Several weeks ago I tried to climb up a mountain to the Needle (a massive point of solid rock) on Cook Island. I planned for an early start, but I missed the place to get out of the bus closest to the start of the trail. So I had to walk 30 minutes to reach the trailhead.
The Needle climb is a steep, jungle one, but I climbed as fast as I could. I saw a young man coming down, and he told me the trail was so slippery from recent rain that he had decided to forget about going all the way up.
I continued up, bracing each step with a tree root and grabbing trees and rocks to help me. I saw a group of Danish teens coming down with a guide in the front and a bandaged girl in the group. My thought: I don’t need no stinking guide — I am too stupid to even have a climbing buddy.
Up and up I went, like a character in a children’s story. When I reached the huge rock face at the top, I looked for the great views I had expected. Mostly I saw clouds. I kissed the massive rock and headed down.
The descent was treacherously slippery. I focused on putting each footfall where I would not slide down and injure myself. I went slowly but surely, as my energy waned. At one point, I slipped on wet leaves and fell straight down. No harm — I fell onto leaves. Ten minutes later as I was standing and resting near a cliff, my legs gave away. I collapsed and hit some rocks, but I did not slide. Some people are swooners. I am a collapser.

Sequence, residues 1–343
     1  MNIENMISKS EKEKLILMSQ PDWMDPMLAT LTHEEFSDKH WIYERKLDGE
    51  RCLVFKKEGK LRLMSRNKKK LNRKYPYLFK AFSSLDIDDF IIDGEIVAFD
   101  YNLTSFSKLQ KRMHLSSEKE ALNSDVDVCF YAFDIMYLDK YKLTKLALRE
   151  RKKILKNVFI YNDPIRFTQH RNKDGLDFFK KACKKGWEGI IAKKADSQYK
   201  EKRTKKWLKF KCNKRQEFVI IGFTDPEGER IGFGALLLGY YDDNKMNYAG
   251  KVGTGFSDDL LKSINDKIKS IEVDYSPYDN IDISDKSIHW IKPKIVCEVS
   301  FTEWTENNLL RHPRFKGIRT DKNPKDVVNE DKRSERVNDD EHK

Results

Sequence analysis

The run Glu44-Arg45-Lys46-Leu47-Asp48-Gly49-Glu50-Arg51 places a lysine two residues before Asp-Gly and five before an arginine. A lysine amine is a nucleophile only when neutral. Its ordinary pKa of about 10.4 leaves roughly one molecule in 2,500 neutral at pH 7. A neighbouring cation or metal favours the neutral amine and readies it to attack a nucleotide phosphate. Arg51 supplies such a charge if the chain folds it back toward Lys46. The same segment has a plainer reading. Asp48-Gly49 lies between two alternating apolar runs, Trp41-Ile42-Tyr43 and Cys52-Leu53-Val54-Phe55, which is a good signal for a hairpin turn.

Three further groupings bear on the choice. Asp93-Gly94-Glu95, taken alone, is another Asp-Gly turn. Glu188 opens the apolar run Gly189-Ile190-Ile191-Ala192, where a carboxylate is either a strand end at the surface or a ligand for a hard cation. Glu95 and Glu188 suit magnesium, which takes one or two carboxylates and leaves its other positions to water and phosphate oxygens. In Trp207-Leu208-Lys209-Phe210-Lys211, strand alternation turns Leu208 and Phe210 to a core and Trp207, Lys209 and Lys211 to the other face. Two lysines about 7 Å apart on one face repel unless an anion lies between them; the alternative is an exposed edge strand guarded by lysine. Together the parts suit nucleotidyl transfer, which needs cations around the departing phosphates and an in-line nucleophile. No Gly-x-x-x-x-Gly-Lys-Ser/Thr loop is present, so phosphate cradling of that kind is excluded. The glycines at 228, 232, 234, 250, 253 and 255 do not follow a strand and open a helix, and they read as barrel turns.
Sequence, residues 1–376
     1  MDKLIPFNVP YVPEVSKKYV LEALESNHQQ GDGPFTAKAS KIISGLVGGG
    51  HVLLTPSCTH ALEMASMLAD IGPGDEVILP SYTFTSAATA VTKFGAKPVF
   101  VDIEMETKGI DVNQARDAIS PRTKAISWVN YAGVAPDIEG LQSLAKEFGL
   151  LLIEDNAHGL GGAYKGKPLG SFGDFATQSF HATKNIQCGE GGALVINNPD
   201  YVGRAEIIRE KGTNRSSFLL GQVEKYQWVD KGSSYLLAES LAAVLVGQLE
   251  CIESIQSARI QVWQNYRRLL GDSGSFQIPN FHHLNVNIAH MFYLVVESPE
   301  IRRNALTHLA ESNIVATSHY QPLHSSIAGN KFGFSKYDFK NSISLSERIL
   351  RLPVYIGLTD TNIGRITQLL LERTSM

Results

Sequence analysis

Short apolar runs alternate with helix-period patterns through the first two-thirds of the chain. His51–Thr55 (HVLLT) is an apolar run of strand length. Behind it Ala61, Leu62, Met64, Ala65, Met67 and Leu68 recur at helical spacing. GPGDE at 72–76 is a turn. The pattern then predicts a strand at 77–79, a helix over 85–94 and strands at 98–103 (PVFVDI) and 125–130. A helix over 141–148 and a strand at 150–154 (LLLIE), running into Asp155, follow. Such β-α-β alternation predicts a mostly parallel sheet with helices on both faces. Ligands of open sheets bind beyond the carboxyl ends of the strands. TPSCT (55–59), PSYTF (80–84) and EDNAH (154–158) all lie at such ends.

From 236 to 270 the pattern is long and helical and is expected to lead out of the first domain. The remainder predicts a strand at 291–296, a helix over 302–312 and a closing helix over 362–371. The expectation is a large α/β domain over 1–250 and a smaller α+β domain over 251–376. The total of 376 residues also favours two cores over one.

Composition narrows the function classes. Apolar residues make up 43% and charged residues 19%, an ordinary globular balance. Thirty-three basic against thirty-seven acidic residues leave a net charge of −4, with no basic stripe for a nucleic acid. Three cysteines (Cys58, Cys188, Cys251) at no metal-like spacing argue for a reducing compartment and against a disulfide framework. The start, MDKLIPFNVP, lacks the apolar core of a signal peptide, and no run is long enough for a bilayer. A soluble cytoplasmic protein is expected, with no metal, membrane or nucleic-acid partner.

I regained my feet, with more adrenaline pumping, and continued down, careful step by careful step. I felt ecstatic when I saw a clearing ahead. I had made it.
Later I asked myself why I went up even though I could see the risks. The answer: the need to achieve. I wanted to conquer that mountain — my little Everest.
That need to achieve leads some individuals to make great discoveries, to create fantastic works of art, and to engineer huge social changes. People vary widely in their level of need to achieve.
What has the need to achieve led you to do?